The Court agrees with Plaintiffs that both categories of conduct are timely under the continuing violation doctrine because both categories are part of Plaintiffs' hostile work environment claims. As the Supreme Court explained in Morgan, hostile work environment claims "are different in kind from discrete acts" because "[t]heir very nature involves repeated conduct." 122 S.Ct. at 2073. The Supreme Court further explained: "The `unlawful employment practice' therefore cannot be said to occur on any particular day. It occurs over a series of days or perhaps years, and, in direct contrast to discrete acts, a single act of harassment may not be actionable on its own." Id. See also Jensen v. Henderson, 315 F.3d 854, 859 (8th Cir. 2002). Because Defendants admit that some of these alleged acts (in particular, the use of vulgar, abusive, and sexually suggestive language) took place within the 300-day period, the Court concludes that Plaintiffs' hostile work environment claims, including all of the allegations contained in Paragraphs 38 and 41 of the Third Amended Complaint, are timely.

II. COUNT TWO — PLAINTIFFS' SECTION 1983 EQUAL PROTECTION CLAIMS

A. The Cook County Sheriff's Department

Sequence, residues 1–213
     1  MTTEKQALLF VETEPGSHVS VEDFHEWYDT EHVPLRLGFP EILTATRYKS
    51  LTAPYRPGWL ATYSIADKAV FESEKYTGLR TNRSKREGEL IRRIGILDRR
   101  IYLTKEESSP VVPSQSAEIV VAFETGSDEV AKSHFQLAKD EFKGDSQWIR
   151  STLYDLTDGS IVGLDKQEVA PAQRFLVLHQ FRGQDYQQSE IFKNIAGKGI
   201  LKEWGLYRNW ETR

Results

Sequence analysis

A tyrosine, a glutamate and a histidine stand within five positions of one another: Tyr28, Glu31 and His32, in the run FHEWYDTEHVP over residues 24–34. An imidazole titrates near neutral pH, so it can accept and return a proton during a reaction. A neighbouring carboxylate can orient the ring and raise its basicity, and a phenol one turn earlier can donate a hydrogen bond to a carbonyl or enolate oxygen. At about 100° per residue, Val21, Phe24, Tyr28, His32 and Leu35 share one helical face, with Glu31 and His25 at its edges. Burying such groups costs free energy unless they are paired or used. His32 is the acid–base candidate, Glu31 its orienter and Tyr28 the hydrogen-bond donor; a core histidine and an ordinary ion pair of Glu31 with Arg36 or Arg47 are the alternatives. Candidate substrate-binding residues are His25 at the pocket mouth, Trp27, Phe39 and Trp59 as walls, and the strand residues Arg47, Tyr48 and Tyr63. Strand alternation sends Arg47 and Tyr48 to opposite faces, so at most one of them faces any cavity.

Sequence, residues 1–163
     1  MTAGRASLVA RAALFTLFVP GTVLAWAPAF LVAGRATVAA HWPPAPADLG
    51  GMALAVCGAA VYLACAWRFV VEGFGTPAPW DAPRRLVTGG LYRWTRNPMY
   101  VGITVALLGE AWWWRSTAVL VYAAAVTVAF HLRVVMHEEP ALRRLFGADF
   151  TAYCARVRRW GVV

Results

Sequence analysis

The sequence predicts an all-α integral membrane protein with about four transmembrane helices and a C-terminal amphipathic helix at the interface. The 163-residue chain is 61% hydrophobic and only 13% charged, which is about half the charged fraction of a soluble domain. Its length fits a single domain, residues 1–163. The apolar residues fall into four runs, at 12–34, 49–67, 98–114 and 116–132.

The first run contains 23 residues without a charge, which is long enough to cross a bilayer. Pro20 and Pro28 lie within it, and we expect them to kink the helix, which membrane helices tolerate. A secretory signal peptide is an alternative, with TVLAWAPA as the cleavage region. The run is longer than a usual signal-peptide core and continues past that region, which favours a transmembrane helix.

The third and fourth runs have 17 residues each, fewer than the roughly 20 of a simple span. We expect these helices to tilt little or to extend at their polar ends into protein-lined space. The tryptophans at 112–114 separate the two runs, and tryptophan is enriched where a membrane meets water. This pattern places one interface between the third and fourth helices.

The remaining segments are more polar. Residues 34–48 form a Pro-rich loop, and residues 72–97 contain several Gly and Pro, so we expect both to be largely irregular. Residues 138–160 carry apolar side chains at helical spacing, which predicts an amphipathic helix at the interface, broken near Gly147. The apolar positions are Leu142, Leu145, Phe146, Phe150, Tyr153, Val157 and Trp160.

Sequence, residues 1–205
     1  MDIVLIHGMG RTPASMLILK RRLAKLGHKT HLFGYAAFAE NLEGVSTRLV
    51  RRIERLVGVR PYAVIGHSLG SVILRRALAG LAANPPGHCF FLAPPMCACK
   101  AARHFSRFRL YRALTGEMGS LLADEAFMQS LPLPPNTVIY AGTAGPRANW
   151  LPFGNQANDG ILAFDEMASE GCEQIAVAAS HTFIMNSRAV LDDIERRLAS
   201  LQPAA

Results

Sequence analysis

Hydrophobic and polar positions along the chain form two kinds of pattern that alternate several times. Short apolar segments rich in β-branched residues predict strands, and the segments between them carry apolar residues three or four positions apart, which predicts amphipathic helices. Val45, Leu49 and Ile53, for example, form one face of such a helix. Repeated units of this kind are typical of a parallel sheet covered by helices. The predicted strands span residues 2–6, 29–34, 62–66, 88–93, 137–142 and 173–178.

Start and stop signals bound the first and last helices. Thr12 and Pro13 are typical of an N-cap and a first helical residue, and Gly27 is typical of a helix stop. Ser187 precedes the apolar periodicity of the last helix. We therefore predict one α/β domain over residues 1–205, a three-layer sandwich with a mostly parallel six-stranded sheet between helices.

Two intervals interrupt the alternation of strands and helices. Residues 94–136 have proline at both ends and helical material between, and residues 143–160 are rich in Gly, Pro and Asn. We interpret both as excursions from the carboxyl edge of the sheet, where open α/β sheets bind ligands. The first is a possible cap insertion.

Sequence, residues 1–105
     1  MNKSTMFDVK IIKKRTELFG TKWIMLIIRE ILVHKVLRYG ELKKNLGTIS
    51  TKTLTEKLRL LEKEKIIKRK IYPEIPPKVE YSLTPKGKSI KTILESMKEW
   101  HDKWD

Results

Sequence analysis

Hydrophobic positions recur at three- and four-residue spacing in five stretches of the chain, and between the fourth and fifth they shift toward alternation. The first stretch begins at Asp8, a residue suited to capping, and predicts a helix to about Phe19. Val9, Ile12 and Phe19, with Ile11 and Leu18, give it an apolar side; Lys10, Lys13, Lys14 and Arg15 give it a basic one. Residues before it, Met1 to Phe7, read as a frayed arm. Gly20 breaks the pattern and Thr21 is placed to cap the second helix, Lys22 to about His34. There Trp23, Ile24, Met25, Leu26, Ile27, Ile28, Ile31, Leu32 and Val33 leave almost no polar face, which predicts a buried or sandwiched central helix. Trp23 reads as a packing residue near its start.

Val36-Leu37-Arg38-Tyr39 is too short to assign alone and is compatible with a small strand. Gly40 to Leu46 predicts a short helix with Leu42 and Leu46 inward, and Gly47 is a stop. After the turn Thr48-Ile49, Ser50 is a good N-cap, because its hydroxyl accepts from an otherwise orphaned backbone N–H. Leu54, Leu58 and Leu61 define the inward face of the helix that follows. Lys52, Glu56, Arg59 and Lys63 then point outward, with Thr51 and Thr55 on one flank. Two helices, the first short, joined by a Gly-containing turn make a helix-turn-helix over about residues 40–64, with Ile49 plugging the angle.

Defendants argue that Plaintiffs' Section 1983 claims against the Cook County Sheriff's Department fail because Plaintiffs cannot show that the Department violated their rights by means of: (1) an express policy; (2) a widespread custom or practice; or (3) a constitutional injury caused or ratified by a person of final policy making authority. See Kujawksi v. Bd. of Comm'rs, 183 F.3d 734, 737 (7th Cir. 1999). This Court agrees.

First, Plaintiffs do not suggest that the Cook County Sheriff's Department violated their rights by means of an express policy. To the contrary, Plaintiffs admit the Department had a written policy prohibiting sexual harassment. (See R. 64-1, Defs.' L.R. 56.1(a) Reply, ¶ 19.) Second, Plaintiffs have not presented evidence that the harassment they suffered was part of a widespread custom or practice within the Cook County Sheriff's Department. Plaintiffs, for example, have failed to supply evidence that the Sheriff's Department "customarily or habitually ignored complaints of sexual harassment." See Garrison v. Burke, 165 F.3d 565, 572 (7th Cir. 1999). Finally, although Plaintiffs cite various individuals who were "superior in rank," Plaintiffs do not point to any evidence that any persons with final policy making authority caused or ratified the conduct that caused their injuries. (See R. 64-1, Defs.' L.R. 56.1(a) Reply, ¶ 10.)